Headshot of La Cieca

Cher Public

  • alejandro: Oh I was making a joke at my expense! If I had said what I wrote in person to you you would have... 1:19 PM
  • CerquettiFarrell: Sad news OT – the Israeli-born conductor Israel Ynon died yesterday on the podium... 1:18 PM
  • la vociaccia: “Maybe in a more lyrical role the flaws would emerge more clearly?” Judith IS a... 1:10 PM
  • Will: I’m not the greatest fan of the Merry Widow, particularly not in the bad translations/&#... 12:59 PM
  • scifisci: thanks for sharing this, all very beautiful 12:56 PM
  • uwsinnyc: “I just think she’s singing in the wrong fach — this is not a Tosca or Salome voice. ”... 12:51 PM
  • Milady DeWinter: Oh, the haunted house sound effects! Forgot about those: they were sort of fun with... 12:51 PM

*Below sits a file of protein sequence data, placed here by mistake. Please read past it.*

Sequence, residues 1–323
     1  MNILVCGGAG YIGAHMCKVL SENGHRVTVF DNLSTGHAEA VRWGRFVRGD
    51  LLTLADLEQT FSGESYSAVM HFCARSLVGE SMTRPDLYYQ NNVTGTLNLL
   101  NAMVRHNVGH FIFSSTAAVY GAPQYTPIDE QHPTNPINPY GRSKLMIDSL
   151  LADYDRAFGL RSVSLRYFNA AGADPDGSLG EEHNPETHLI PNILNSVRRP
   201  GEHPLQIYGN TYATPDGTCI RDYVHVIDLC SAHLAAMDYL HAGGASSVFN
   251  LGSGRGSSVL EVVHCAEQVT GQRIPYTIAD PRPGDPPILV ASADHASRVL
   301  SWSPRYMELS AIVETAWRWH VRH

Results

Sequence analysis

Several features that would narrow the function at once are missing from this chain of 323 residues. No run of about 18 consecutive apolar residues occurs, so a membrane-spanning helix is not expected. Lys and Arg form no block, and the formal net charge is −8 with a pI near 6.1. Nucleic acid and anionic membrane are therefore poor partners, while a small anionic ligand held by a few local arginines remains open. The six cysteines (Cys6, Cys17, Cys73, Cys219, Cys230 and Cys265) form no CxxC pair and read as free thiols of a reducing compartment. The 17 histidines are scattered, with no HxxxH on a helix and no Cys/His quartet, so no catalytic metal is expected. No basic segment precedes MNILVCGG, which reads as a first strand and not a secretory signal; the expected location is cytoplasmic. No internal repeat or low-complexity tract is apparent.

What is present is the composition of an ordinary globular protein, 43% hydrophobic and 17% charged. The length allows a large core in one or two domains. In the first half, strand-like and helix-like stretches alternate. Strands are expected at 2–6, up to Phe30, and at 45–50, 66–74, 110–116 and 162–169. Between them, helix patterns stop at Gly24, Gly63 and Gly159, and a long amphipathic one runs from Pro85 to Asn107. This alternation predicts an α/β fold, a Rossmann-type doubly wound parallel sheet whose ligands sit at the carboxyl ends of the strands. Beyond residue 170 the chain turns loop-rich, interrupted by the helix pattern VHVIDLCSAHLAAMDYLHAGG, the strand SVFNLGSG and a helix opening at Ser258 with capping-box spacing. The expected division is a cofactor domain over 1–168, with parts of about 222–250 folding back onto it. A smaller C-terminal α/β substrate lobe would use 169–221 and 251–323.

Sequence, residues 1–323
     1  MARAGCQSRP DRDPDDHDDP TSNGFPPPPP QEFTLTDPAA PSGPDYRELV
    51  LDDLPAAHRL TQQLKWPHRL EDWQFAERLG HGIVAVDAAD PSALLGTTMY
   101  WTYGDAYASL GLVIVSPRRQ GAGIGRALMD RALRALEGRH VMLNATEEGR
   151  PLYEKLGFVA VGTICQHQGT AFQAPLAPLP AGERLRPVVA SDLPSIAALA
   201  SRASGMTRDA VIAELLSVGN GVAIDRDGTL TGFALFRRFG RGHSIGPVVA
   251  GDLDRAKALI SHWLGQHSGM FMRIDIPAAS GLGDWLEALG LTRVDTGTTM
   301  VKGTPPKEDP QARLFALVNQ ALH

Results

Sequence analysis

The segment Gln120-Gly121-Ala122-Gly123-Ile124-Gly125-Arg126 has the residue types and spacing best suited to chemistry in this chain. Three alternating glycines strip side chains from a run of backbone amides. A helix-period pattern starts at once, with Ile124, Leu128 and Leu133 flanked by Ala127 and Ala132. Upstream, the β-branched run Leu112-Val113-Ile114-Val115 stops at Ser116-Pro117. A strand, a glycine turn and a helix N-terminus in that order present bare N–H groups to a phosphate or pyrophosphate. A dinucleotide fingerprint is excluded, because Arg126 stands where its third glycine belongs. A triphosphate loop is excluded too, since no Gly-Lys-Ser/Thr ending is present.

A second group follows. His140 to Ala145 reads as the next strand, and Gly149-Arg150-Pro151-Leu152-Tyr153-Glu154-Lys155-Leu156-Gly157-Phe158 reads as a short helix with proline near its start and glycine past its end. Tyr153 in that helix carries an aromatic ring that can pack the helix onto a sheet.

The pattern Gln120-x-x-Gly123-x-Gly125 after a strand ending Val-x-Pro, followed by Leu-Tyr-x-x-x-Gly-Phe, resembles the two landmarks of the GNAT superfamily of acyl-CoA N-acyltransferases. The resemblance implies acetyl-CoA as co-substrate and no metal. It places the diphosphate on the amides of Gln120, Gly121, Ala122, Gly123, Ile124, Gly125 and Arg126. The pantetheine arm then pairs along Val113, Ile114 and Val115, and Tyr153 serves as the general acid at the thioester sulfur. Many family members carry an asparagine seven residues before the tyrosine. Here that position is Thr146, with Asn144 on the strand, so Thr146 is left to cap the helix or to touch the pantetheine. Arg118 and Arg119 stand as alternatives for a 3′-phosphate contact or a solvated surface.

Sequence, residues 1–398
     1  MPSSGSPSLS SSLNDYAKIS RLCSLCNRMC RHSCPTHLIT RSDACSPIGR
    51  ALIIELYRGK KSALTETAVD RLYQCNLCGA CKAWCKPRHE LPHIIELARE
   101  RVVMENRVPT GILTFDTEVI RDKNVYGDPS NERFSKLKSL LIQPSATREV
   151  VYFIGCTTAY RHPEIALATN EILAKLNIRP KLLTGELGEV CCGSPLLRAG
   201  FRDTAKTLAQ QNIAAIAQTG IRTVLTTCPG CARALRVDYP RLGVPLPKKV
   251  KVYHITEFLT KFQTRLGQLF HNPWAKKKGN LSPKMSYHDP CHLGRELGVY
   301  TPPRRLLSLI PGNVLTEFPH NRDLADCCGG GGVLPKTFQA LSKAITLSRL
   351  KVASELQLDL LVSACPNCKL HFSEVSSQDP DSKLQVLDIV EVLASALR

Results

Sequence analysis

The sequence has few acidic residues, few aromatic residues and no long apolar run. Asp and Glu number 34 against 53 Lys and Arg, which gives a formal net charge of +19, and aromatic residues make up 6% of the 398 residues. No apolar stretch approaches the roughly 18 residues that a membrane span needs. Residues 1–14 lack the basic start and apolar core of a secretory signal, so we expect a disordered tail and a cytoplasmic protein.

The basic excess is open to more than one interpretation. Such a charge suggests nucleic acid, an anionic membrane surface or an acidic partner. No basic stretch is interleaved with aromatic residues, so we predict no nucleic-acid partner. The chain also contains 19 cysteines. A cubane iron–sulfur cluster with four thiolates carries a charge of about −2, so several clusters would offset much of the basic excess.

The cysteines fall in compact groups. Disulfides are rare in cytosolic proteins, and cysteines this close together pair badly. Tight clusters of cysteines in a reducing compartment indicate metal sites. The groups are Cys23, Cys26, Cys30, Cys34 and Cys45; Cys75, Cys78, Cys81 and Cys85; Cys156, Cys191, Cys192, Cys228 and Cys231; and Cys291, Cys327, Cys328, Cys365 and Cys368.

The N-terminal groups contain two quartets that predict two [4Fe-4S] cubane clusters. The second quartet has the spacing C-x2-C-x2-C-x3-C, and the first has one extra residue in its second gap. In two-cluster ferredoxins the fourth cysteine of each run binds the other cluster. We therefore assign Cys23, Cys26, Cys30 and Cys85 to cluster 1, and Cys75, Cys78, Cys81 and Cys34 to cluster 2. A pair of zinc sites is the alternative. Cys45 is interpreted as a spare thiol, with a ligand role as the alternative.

• gal: I heard Markov live in this role in 2009. He was great, was rightfully cheered and I thought he would... 12:49 PM
  • la vociaccia: Hey! I don’t disagree with you, it’s a real, virile sound. It just didn’t.... 12:42 PM
  • MontyNostry: I’ve only heard Markov live once – in a recital about 10 years ago with other... 12:38 PM

The Prince of Alice Tully Hall

Either you adore “The World Is but a Broken Toy” from Act II of Princess Ida and have always wanted to hear it sung by voices of operatic quality… or you don’t… and you haven’t. You are immune, as so many are, to operetta, once serene occupant of the theatric perch latterly usurped by the likes of Les Miserables and Evita. Long ago—but operetta seems always to have evoked “long ago,” to have been an art of nostalgia. Long ago, in operetta’s heyday, singers didn’t use microphones and the tunes that showed their voices off were a whole lot better than the current Broadway crop.   Read more »